Working at Starbucks in Ithaca led Adam Lee, an Information Technology Services help desk employee at Ithaca College, into the world of theater.
While at Starbucks, Lee met fellow employee Nick Clarey, who had recently formed the WingSpace Theater Company.
WingSpace gives anyone in the Ithaca area the opportunity to get involved with theater — regardless of experience.
The group, which debuts this Friday at the Lost Dog Café, plans to perform different pieces the third Friday of every month. Anne Koester, managing director of WingSpace, said the Lost Dog Café fits the vibe and purpose of the company nicely: both put focus on the Ithaca community.
“It’s pretty much all locals,” Koester said.
Actors from Binghamton, Ithaca, Elmira and elsewhere have joined the company, which held its first auditions in the fall. The members are of all ages and backgrounds, including students from Ithaca College, Cornell University and SUNY–Binghamton.
“We’ve got a great group of people,” Koester said.
Lee said the company has several actors from the college and Cornell.
“The fellow actors in the company are fantastic,” Lee said.
The company’s Sunday rehearsals are perfect for busy student schedules, Lee said.
This week’s show will consist of comedic skits and improvisation. While a part of WingSpace works exclusively on comedic and improv performances — dubbed “Left Wings” — WingSpace is more varied in its material. It focuses on one-act plays but aims to perform different types of theater, from comedy to drama to tragedy and beyond, Clarey said.
WingSpace got its name from Clarey’s background in theater. Clarey, the group’s artistic director, said he has noticed a certain power and energy in the wings of the theater.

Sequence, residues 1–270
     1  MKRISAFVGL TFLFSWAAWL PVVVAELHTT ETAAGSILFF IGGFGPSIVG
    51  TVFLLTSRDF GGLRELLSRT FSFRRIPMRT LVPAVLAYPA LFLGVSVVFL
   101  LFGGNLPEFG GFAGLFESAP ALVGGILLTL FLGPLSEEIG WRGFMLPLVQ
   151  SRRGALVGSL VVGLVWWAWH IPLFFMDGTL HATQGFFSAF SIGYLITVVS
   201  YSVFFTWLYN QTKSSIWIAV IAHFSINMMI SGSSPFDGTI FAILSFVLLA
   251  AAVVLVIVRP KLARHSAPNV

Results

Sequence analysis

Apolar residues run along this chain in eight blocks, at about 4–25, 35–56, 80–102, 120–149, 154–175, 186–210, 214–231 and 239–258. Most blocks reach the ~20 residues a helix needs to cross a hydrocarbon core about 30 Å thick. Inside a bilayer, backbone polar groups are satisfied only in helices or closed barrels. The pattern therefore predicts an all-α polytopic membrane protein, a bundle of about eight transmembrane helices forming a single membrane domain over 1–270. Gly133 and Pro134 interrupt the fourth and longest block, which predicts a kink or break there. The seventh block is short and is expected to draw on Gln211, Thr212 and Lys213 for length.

“You never know what people will come out,” Koester said, noting the company’s tagline, “You Never Know What’s Waiting in the Wings.”
Clarey said during his own time in college, his fellow actors weren’t nervous as they got ready in the dressing rooms — it was when they got into the wings of the stage that stage fright and butterflies set in. Clarey’s reasoning for this is the fact that by the time actors are in the wings, there are only seconds away from the performance, and no last-minute changes can be made.
“When it’s in the wings, it’s out of your hands,” he said.
The name also shows the foundation and growth of the group: The actors start in the wings and work their way up to an established company.
The company has a core group of actors that try out for different roles, but Koester said the group intends to “[mix] things up” for different productions, picking the best actors for the roles.
The main purpose of the company is to grant exposure to Ithaca-area playwrights and actors, Clarey said. In addition to giving locals a step up on the theater scene, Clarey wanted to found a theater company to share his passion for theater arts.
“I had an itch to start one anyway,” Clarey said.
Lee said he admires Clarey’s direction, his dedication to the company and his enthusiasm about bringing more theater to Ithaca.
“[Clarey’s] kind of the driver behind the whole thing,” Lee said.
The group chose the Lost Dog Lounge because its mobile seating allows the company to perform different types of theater each month. Clarey said he hopes the downtown location will also help draw in audiences and “tie a lot of community together” — the purpose of forming the company.
“This is my baby, basically,” Clarey said.
WingSpace Theater Company is performing at 8:30 p.m. Friday at the Lost Dog Lounge, 106-112 South Cayuga St. Tickets are $3. The company is accepting auditions and one-act plays for their March performance. For more information, visit the company’s Web site at wingspacetheater.org.